The Bridges Golf Club in San Ramon: Beauty and the beast rolled into the fairways
SAN RAMON, Calif. - So many golf courses claim to be playable for every level of golfer. Not The Bridges Golf Club.
Yes, it features five sets of tees and ladies' and men's handicaps, but really, The Bridges isn't a course for beginners. It's not overly difficult - and certainly not unfair - but if you play all your shots near the ground or hit a giant, uncontrollable slice, you could spend more money on golf balls than green fees.
Perhaps that's why the Northern California Golf Association rated The Bridges Golf Club as one of the most difficult courses in its region. From the tips at just 6,861 yards, the par-72 layout has a rating/slope of 74.5/147. Even one tee up at less than 6,600 yards, it's still 73.4/141. And from the forward tees at 5,153 yards, The Bridges remains 71.4/123.
In other words, there's no easy way around The Bridges, no doubt named for the paths that cross the golf course's many creeks and ravines.
The Bridges G.C. has a high degree of difficulty and beauty
Johnny Miller, the well-known television analyst and former U.S. Open champion, regularly receives credit for the design of The Bridges Golf Club.
Miller's designs often elicit a polarizing response in the golf community. And while he visited site, golf-course architect Damian Pascuzzo did the brunt of the work.
Pascuzzo began his career alongside famed designer Robert Muir Graves and most recently joined tour veteran Steve Pate to form Pascuzzo and Pate Golf Course Design. Based in El Dorado Hills, Calif., Pascuzzo has worked extensively in his home state, around the United States and Asia.
Really, The Bridges was Pascuzzo's baby. And he began with an interesting canvas.
Thirty-five miles east of San Francisco near the in the Tri-Valley foothills of Mount Diablo, the golf course was built on a challenging piece of land, according to Pascuzzo. He routed through a series of valleys, weaving from hillside to hillside.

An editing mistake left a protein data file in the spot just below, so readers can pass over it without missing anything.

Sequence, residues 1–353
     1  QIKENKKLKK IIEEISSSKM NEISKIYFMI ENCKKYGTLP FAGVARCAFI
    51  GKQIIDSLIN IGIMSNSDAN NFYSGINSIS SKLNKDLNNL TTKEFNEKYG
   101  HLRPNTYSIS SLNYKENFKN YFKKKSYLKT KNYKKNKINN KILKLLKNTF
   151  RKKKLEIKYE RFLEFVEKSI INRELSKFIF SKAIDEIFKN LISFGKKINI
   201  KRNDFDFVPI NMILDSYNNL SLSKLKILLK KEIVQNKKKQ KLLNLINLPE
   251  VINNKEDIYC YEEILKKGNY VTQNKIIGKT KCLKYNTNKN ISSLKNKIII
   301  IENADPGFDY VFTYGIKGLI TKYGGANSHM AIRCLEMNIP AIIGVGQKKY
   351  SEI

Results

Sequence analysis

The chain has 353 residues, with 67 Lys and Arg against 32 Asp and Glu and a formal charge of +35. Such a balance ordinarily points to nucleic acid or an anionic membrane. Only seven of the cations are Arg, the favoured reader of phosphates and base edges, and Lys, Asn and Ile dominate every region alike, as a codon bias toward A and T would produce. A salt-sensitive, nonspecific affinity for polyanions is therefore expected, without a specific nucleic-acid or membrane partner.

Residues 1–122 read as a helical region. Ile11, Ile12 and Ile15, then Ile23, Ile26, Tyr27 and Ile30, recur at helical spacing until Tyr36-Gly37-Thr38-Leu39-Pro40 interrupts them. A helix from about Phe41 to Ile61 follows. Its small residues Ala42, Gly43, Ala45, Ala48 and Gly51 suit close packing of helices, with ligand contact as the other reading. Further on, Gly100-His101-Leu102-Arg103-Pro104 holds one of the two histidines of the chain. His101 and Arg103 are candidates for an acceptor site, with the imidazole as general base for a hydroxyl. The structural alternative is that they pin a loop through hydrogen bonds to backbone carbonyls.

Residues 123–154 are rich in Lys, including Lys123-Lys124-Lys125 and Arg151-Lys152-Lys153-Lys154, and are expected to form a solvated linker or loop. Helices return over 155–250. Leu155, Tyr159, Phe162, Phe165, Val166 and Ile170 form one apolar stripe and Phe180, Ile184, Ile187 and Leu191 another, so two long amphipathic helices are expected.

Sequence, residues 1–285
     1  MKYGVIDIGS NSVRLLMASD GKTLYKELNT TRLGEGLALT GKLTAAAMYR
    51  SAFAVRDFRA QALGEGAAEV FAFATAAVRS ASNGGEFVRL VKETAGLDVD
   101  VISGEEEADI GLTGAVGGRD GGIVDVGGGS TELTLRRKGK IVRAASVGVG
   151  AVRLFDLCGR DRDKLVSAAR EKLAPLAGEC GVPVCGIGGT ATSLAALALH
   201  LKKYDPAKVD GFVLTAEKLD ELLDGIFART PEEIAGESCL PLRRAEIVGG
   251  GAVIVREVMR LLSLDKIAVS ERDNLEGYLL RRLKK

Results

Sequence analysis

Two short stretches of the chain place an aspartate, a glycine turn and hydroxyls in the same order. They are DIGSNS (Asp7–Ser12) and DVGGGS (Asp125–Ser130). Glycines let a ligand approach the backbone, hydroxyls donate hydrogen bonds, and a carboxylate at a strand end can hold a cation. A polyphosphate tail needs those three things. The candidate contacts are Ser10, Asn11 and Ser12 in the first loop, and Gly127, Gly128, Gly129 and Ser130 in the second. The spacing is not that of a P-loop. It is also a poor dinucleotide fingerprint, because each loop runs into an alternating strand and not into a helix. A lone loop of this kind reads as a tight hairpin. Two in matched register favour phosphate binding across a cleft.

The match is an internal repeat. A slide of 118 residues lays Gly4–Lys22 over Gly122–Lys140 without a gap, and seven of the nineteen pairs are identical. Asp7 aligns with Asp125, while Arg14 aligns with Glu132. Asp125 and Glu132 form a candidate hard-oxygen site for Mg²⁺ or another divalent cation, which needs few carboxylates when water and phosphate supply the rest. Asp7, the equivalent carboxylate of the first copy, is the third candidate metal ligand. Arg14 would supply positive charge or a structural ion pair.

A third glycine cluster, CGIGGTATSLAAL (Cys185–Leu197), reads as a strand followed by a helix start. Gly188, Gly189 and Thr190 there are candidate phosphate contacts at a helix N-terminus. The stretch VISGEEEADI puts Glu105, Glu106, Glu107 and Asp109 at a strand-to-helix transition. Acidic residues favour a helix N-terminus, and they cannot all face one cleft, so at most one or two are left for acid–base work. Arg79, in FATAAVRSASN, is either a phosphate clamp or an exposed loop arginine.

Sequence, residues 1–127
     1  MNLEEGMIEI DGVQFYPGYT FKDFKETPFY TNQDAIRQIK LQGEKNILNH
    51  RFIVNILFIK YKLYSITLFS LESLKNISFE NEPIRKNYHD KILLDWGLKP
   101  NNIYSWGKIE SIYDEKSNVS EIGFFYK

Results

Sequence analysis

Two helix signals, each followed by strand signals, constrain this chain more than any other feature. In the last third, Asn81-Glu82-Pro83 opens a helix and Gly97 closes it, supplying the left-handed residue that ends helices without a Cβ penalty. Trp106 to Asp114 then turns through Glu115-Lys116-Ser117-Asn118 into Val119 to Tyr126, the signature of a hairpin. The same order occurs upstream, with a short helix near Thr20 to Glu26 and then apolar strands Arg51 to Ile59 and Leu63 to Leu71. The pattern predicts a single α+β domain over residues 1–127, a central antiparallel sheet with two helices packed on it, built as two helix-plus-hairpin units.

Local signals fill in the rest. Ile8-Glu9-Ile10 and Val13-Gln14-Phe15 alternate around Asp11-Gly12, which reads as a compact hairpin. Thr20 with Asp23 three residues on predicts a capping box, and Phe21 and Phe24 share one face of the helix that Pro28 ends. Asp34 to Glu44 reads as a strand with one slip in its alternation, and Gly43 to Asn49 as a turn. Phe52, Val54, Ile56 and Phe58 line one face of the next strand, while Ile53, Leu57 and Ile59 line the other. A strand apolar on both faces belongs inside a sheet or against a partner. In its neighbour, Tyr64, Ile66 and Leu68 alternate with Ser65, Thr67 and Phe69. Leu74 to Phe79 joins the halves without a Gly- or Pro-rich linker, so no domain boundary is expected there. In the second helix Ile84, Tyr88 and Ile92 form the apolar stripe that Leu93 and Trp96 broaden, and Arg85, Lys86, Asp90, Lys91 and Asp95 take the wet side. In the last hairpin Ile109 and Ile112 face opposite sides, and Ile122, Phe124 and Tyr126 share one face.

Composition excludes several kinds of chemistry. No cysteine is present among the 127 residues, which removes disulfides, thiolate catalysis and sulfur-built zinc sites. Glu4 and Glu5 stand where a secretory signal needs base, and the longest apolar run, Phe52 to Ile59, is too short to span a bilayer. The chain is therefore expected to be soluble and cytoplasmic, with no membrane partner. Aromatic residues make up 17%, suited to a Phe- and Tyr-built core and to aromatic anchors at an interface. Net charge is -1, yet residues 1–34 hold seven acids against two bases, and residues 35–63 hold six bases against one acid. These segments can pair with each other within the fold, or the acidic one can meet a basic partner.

With the exception of a few spots, there are few trees. Large, native shrubs were added along the hillsides to provide visual appeal and challenge.
The Bridges Golf Club also features plenty of bunkers in addition quick greens that are undulating and sometimes large.
The 18th, for example, is the course's largest green at 75 yards across.
That's yards, folks, as Miller might say, not feet, which means you could play any of five or six clubs into the green and still reach the putting surface. Of course, pick the wrong club and you could be a looking at a four-putt because of the undulation.
A few forced carries emphasize the importance of tee selection.
"Sometimes, we'll give a group or a player a gentle suggestion as to which tees they should play," course marshal Barry Brunckhorst said. "It makes it a lot more enjoyable."
But every visitor, no matter the tees, is forced to face some carries.
No need to be a single-digit player, but golfers need a set of basic skills to enjoy The Bridges. If you play once or twice a year or just on the holidays, The Bridges probably isn't your golf course.
Practice and lessons at The Bridges Golf Club
For serious golfers, The Bridges offers some serious practice facilities. A lighted range for after-hours practice accompanies the short-game area and practice greens.
Lessons are also available from the teaching staff at two indoor bays, which include state-of-the-art, video-analysis equipment.
The Bridges Golf Club: The verdict
All golf courses don't need to be all things to all players, a concept forgotten at many resorts.
The Bridges caters to avid golfers, not the casual player who never works at his or her game. It's also visually stunning. Many of the elevated tees provide great views of the golf course and its surroundings.
You'll find The Bridges in excellent condition, and it includes terrific and smooth, bentgrass greens.
Inside, there's a well-stocked and attractive golf shop, plenty of banquet and meeting space and an inviting clubhouse grill and bar. A revamped menu features the club's signature steak salad, a local favorite among golfers and non-golfers alike.
December 10, 2009